When we look back to that perilous moment when we first assumed the attitude of felf-defence, and compare our present situation and resources with what they then were, gratitude and joy rush in upon our souls, and constrain us to say, “ the Lord hath done great things for us, whereof we are glad.”

We are by the providence of God, at this time, in the honorable and quiet possession of a country of vast extent and fertility. Our soil, luxuriant as the land of Nile ; and our atmosphere, pure as that which surrounded the famed Helicon. The wide Atlantic laves our eastern board, and forms one barrier to the progress of invasion ; and at the same time wafts to our shores the fruits and treafures of every clime. On its bays and inlets our ancient towns and cities are planted. Here, the


busy multitude throng; and trade, and commerce collect their immense stores of wealth. Here, ele. gance and refinement unite their powers, to please the imagination and improve the heart.

On the west, the Missippi rolls in majestic grandeur ; and by receiving the waters of the Ohio into its bosom, opens à communication of vast extent into those fertile regions. Here, the wilderness is turned into a fruitful field, and golden harvests smile in the rays of a setting fun.

of a setting fun. Where the Savage lately pursued his nimble chase, we now behold large towns and flourishing villages, adorned with temples sacred to religion, and crowded with devout and adoring worshippers of the LAMB.

No considerable part of our extensive territory, but what is capable under the hand of cultivation, of yielding subsistence for man.

Were we to rise with the morning sun, and trav. el on its rays round the globe, we should not find a nation more distinguished by its blessings than our own. Every uneafy thought therefore must be deemed ingratitude, and every murmur rebellion against heaven.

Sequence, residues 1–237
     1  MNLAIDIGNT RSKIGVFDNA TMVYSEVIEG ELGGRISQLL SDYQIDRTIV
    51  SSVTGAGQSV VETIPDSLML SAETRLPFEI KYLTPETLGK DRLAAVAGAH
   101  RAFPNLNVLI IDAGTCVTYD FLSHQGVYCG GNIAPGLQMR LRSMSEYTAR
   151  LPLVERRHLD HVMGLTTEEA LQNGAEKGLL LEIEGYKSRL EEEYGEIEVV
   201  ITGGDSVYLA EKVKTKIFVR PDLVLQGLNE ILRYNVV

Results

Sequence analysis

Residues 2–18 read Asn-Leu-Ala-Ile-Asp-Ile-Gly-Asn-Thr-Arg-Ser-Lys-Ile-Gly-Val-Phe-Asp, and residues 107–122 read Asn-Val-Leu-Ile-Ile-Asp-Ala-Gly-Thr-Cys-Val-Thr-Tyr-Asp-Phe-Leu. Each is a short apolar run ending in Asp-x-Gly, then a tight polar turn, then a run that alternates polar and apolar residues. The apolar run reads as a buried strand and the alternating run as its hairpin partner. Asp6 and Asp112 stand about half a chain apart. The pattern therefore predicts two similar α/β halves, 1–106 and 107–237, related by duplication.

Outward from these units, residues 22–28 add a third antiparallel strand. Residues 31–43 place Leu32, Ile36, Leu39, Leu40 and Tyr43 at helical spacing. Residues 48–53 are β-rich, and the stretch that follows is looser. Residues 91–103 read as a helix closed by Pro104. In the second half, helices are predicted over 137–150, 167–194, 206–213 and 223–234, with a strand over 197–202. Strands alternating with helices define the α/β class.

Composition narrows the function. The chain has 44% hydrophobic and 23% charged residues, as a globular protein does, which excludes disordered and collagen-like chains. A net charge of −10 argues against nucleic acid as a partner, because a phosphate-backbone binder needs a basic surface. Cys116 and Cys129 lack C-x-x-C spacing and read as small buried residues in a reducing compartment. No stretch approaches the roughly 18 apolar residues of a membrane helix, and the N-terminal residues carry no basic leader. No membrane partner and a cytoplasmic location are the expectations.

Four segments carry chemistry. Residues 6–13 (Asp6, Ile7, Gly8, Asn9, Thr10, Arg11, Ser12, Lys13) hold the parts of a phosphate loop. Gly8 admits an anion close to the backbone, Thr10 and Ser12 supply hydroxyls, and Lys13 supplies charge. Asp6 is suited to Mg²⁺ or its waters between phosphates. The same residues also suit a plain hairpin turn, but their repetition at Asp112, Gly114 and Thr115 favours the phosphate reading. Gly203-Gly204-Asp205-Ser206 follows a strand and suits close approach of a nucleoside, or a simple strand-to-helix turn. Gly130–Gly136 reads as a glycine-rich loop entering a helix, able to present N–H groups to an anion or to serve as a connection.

Should a foreign enemy attempt to invade our

untry, he would meet a phalanx of veterans more impenetrable than walls of granate. Our dependance is not on foreign auxiliaries or mercenary aid; but under God, we rely on the skill and bra. very of our own citizens. Do we need fhips of war ? Our own immense forests, our forges and work-shops furnish the materials; and our skilful artizans construct them in a manner, equal, if not superior to any which float on the bosom of the


deep. Indeed, every article neceffary in the whole apparatus of war, is, or may be furnished by our. selves. It is not then to be believed, that five mill.

ions of people, breathing the air of freedom and tasting her joys, inured to hardy enterprize, and lords of the soil they cultivate, can ever be conquer. ed by any foreign foe, unless the stars in their cour. ses fight against them.

With such immense and increasing resources, our only danger arises from the abuse of our liberty, which was the last thing in the method to be at: tended to. Permit me briefly to observe on two or three

particulars. The right of private judgment, or what is commonly called libercy of conscience, is one of our dearest privileges. This right is unalienable ini its nature. For the enjoyment of this, our forefathers left their friends and country, and fought an asylum in this then howling wilderness. But precious as this privilege is, it is liable to abuse. A very malicious design may be concealed under the cloke of religious liberty. It is to be feared that many, under this pretence, are in reality opposing and endeavouring to destroy all religion. Some by denying, others by corrupting its important doctrines and institutions. This is an abuse too for which there is no legal remedy. It seems to be beyond the jurisdiction of the civil magistrate. According to our context, his power extends only to the punishment of evil doers, and not erroneous or heretical opinions. He that undertakes to decide on another's fincerity, ought certainly to know his heart; otherways, in attempting to root out these tares, he will be in danger of destroying the wheat. D